The product was made in three steps, i.e. the master batch and the prepolymer were separately prepared and then the two were blended, each using a vacuum type kneader mixer provided with two counter rotating Z shaped blades that were capable of thoroughly mixing even viscous elastomers with one another. Steam jacketing of the mixing space allowed control of the temperature of the mixture between about 60° and 160° C. by regulation of the steam pressure.
To prepare the pre-polymer, the temperature in the mixer was held at about 100° C. 35.6 kg of Dynacoll RP 230 was placed in it and a vacuum of -0.6 bar was applied for 30 minutes to remove any residual moisture present in the polyester diol. The vacuum was terminated and 19.4 kg of Basonat PA 440 polyether pre-polymer was added at one time. Mixing and reaction whereby the diol chain extended the pre-polymer increasing its molecular weight and viscosity continued for about 3 hours while the mixer chamber was purged with nitrogen. The chain extended prepolymer had a molecular weight as determined by end group analysis of about 5,200 daltons. It was unloaded and stored at room temperature in a moisture-free environment in silicone coated containers.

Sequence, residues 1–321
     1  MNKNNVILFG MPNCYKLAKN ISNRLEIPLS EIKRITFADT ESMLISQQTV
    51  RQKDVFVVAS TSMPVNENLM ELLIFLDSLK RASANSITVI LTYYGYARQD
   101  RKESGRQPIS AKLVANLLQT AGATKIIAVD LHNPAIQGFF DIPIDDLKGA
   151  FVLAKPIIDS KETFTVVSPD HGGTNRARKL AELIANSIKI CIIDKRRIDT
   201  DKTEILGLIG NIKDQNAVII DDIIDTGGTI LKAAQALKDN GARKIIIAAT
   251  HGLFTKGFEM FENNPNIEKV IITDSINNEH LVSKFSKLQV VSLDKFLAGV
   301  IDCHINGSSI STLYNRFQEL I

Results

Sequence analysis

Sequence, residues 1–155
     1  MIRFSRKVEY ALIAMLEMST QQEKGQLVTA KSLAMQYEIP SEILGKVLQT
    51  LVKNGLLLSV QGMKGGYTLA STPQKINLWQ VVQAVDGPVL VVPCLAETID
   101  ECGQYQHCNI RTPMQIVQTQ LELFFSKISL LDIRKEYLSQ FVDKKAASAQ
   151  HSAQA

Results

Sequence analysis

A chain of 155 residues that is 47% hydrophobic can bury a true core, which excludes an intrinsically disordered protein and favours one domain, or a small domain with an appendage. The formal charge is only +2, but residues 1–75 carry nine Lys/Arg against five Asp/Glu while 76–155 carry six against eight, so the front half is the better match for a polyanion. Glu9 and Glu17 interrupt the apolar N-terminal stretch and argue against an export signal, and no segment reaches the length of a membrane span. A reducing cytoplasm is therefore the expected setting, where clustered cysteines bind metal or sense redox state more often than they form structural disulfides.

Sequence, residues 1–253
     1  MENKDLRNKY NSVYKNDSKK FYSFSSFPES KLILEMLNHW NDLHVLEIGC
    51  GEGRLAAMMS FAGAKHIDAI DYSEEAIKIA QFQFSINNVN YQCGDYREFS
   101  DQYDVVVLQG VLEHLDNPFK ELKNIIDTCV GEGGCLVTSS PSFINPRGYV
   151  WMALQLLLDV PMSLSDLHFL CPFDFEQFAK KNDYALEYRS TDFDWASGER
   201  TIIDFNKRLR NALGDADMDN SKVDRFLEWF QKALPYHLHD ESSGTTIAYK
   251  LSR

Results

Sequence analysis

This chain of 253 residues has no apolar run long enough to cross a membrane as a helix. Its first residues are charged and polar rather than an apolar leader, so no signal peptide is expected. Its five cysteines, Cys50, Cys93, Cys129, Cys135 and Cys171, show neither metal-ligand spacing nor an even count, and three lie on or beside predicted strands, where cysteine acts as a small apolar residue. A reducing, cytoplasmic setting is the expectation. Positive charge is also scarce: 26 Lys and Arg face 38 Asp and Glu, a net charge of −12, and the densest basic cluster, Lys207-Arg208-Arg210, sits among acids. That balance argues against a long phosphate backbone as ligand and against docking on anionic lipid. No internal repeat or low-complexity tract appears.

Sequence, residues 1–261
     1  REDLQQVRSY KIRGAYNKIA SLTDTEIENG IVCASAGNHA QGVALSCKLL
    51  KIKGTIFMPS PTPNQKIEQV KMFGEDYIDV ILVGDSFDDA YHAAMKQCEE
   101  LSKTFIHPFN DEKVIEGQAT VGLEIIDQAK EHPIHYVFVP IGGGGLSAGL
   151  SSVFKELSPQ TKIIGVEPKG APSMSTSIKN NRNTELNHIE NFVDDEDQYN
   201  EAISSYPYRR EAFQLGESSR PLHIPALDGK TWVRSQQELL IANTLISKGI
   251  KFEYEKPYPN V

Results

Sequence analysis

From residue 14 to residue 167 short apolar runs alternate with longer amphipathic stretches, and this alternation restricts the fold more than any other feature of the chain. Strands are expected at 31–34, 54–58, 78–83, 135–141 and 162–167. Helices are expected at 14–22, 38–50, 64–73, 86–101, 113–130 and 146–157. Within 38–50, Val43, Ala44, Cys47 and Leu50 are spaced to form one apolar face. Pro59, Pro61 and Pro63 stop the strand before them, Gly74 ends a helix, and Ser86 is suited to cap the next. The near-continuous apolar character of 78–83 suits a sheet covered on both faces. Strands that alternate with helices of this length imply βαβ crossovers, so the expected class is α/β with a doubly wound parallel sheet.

The master batch was prepared after thorough cleaning of the mixer and preheating it to 160° C. 4.1 kg of Cariflex 1102, 2 kg of titanium dioxide, 0.2 kg Irganox 1520, 4.1 kg of calcium carbonate, and 1 kg of Enerpar 10 were added to the mixer and blended until a homogeneity occurred. To reduce the viscosity to more closely match the viscosity of the prepolymer of above incremental quantities of 1.6, 2, and 2 kg of Enerpar 10 oil were added, with mixing after each increment. When the viscosity was reduced to a similar level as determined by visual observation, 0.02 kg of benzoyl chloride was added and the entire batch mixed for an additional 10 minutes.
The master batch could then have been stored in like manner to the prepolymer, but in this case the temperature was reduced to 100° C. and 38 kg of the prepolymer composition of above was added along with 5 parts of tosyl isocyanate moisture scavenger and mixed for 30 minutes. After completion of mixing, the composition was unloaded, while still hot enough to readily flow through the screw fitting at the bottom of the mixer chamber into drums filled with carbon dioxide to protect the composition from contact with atmospheric moisture. The upper surface of the composition in the drum was covered with a silicone coated polyester protective film and a humidity absorber pack was place atop the protective film within the drum. The drum was then covered with a tight .cover for storage and/or shipping.